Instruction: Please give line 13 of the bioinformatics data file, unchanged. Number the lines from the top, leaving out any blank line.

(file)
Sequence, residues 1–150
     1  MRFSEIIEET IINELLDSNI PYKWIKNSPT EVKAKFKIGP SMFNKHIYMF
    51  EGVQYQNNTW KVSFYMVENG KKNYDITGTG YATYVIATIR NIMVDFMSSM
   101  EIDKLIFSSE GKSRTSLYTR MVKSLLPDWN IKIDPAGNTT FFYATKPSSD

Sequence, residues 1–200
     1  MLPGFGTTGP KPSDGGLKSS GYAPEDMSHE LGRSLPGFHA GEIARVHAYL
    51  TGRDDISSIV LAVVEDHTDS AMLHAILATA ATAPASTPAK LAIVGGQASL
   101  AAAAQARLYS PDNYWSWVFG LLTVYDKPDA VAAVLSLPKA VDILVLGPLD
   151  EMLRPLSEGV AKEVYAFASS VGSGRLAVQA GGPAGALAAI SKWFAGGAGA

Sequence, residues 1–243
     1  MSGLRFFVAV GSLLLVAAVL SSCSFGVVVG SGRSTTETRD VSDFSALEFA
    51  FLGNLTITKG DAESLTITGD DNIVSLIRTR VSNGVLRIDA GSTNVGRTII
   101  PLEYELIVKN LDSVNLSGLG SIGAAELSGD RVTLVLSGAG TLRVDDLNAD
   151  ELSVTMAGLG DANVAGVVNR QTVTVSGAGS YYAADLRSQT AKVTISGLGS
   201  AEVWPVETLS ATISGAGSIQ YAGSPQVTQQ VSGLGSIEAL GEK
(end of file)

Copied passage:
   101  PLEYELIVKN LDSVNLSGLG SIGAAELSGD RVTLVLSGAG TLRVDDLNAD